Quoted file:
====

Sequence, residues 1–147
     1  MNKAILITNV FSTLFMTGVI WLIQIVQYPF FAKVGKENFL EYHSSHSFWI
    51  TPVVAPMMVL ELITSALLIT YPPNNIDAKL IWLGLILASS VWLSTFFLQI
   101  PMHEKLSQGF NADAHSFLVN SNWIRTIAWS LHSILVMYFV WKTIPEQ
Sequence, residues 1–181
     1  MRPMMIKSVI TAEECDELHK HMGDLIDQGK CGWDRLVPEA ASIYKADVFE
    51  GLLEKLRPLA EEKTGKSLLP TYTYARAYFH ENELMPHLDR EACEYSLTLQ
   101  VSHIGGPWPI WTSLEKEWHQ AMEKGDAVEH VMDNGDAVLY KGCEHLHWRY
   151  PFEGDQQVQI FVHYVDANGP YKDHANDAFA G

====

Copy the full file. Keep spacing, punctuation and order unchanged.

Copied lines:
Sequence, residues 1–147
     1  MNKAILITNV FSTLFMTGVI WLIQIVQYPF FAKVGKENFL EYHSSHSFWI
    51  TPVVAPMMVL ELITSALLIT YPPNNIDAKL IWLGLILASS VWLSTFFLQI
   101  PMHEKLSQGF NADAHSFLVN SNWIRTIAWS LHSILVMYFV WKTIPEQ
Sequence, residues 1–181
     1  MRPMMIKSVI TAEECDELHK HMGDLIDQGK CGWDRLVPEA ASIYKADVFE
    51  GLLEKLRPLA EEKTGKSLLP TYTYARAYFH ENELMPHLDR EACEYSLTLQ
   101  VSHIGGPWPI WTSLEKEWHQ AMEKGDAVEH VMDNGDAVLY KGCEHLHWRY
   151  PFEGDQQVQI FVHYVDANGP YKDHANDAFA G